Over the course of the last two weeks, the Trump Administration has been at the forefront of yet another slew of controversies. The firing of FBI Director James Comey on May 9th set the media ablaze, drawing more attention to the alleged Russian interference with the 2016 election.
Comey, who was terminated unexpectedly, was leading a criminal investigation into whether President Trump’s advisors colluded with the Russian government to influence American voters to give their support to Trump on election day. This immediately sparked an array of speculation from both Democrats and Republicans.
“I’ve spent the last several hours trying to find an acceptable rationale for the timing of Comey’s firing,” Senator Jeff Flake, Republican of Arizona, said on Twitter. “I just can’t do it.”
President Trump, on the other hand, explained that he fired Comey because of his handling of the Hillary Clinton investigation. He also said that he received recommendations from Attorney General Jeff Sessions and Deputy Attorney General Rod J. Rosenstein to remove Comey from his position.
“I cannot defend the director’s handling of the conclusion of the investigation of Secretary Clinton’s emails,” Mr. Rosenstein wrote in another letter that was released by the White House, “and I do not understand his refusal to accept the nearly universal judgment that he was mistaken.”
In the days following Comey’s departure, news headlines around the country were focused on the theory that Trump asked Comey to pull back on his investigation into General Flynn’s connections with Russia. When he refused, Trump fired him. This suggestion gave critics even more ammo to use against the President.
Just when we thought things couldn’t get any worse for Trump, reports came out the following week suggesting the President revealed classified information to Russian officials during a meeting at the White House.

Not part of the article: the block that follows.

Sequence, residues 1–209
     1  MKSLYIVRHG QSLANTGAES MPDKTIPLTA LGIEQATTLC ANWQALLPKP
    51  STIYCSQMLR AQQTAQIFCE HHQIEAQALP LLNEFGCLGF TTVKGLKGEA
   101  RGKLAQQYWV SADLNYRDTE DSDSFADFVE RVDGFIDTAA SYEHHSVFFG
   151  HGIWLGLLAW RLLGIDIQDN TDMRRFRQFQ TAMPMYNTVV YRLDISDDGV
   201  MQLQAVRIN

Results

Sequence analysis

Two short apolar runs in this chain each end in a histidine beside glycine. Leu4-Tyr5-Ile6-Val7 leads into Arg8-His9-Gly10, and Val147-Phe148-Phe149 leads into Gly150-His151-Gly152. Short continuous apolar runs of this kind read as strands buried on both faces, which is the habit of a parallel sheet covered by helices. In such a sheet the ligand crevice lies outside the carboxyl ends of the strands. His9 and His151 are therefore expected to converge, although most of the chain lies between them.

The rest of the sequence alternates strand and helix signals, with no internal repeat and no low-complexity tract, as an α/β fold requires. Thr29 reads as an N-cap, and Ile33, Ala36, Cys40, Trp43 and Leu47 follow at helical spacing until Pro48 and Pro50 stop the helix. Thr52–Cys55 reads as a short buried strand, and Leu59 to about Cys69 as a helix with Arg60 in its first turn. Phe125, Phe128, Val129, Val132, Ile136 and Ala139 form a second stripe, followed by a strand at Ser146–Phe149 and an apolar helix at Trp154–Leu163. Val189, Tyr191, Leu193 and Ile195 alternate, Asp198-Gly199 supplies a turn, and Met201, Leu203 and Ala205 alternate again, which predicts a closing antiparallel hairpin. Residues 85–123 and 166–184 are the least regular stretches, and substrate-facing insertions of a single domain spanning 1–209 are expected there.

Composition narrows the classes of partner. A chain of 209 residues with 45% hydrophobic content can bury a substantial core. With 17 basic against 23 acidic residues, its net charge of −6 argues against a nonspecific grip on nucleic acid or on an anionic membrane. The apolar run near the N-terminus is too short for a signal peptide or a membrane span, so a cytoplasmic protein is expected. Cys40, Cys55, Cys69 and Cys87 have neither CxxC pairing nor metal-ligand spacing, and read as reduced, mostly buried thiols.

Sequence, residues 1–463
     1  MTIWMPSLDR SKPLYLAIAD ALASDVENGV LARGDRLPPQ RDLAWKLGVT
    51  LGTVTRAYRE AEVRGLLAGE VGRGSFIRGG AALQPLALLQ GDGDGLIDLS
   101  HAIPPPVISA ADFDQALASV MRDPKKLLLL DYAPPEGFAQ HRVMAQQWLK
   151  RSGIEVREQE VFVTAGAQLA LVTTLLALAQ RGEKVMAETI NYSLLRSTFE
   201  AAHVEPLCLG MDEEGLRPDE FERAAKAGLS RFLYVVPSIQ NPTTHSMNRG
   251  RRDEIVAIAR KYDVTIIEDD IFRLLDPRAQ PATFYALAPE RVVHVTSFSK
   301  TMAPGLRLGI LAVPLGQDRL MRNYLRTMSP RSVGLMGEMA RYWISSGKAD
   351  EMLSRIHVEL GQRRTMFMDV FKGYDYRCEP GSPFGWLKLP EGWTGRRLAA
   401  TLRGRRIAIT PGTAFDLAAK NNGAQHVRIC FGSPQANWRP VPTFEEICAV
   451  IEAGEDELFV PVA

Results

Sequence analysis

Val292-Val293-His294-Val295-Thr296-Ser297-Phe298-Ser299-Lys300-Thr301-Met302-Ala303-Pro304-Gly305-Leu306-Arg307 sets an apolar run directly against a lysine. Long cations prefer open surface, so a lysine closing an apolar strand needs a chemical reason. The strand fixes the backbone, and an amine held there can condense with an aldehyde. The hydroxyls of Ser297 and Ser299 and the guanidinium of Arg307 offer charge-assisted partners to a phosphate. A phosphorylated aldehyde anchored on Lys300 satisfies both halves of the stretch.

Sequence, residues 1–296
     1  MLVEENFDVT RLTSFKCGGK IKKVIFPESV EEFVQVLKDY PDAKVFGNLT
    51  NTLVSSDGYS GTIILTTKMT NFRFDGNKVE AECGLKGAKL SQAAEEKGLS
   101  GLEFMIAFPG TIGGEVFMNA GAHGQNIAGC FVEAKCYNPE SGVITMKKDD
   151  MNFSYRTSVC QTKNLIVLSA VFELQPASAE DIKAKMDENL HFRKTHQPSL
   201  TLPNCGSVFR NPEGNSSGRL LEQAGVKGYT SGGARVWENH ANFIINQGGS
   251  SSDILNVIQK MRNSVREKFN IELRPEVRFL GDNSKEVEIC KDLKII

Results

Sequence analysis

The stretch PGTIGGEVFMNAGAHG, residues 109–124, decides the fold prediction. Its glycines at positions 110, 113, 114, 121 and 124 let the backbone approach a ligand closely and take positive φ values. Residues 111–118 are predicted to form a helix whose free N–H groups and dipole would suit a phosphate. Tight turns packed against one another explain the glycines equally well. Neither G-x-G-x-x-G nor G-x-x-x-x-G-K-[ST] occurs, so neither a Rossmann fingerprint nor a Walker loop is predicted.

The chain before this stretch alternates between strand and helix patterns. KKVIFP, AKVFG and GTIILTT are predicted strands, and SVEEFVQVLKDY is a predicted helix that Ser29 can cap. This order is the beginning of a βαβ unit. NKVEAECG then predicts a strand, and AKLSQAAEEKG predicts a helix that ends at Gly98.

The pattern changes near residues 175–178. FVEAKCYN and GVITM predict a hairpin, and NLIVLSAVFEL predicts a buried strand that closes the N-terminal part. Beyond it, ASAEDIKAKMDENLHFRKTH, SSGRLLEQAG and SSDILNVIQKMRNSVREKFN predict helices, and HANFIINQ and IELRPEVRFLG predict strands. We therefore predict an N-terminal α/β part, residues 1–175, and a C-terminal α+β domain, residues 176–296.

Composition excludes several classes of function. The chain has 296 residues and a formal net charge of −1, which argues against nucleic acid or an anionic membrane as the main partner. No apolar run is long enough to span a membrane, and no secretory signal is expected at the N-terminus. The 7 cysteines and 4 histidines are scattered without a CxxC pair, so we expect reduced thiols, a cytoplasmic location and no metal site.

National Security Adviser H.R. McMaster defended President Trump’s conversations with Russian officials as “wholly appropriate.” But nevertheless, the media had a field day at the expense of the President.
Trump allegedly shared information about an ISIS threat involving the use of laptops on planes. The Post report quoted unnamed officials saying Trump revealed the city where an intelligence partner detected the threat.
With some reports saying the source of the intelligence came from Israel, Ron Dermer, Israeli ambassador to the United States, responded in a statement:
“Israel has full confidence in our intelligence-sharing relationship with the United States and looks forward to deepening that relationship in the years ahead under President Trump.”
President Trump is hoping to leave these troubled two weeks behind him as he heads overseas for his first foreign trip as Commander-in-Chief. He has planned to stop at Saudi Arabia, Israel, and the Vatican as well as meetings with two European leaders.
Trump’s advisors have said he wanted to visit these places in an attempt to unify the world’s three major religions and bring attention to the fact that we all have one common enemy: terrorism.
The biggest objective of this trip will be to build bridges with the leaders that he will be meeting with.
“President Trump understands that America First does not mean America alone, to the contrary,” McMaster said. “Prioritizing American interests means strengthening alliances and partnerships that help us extend our influence and improve the security of the American people.”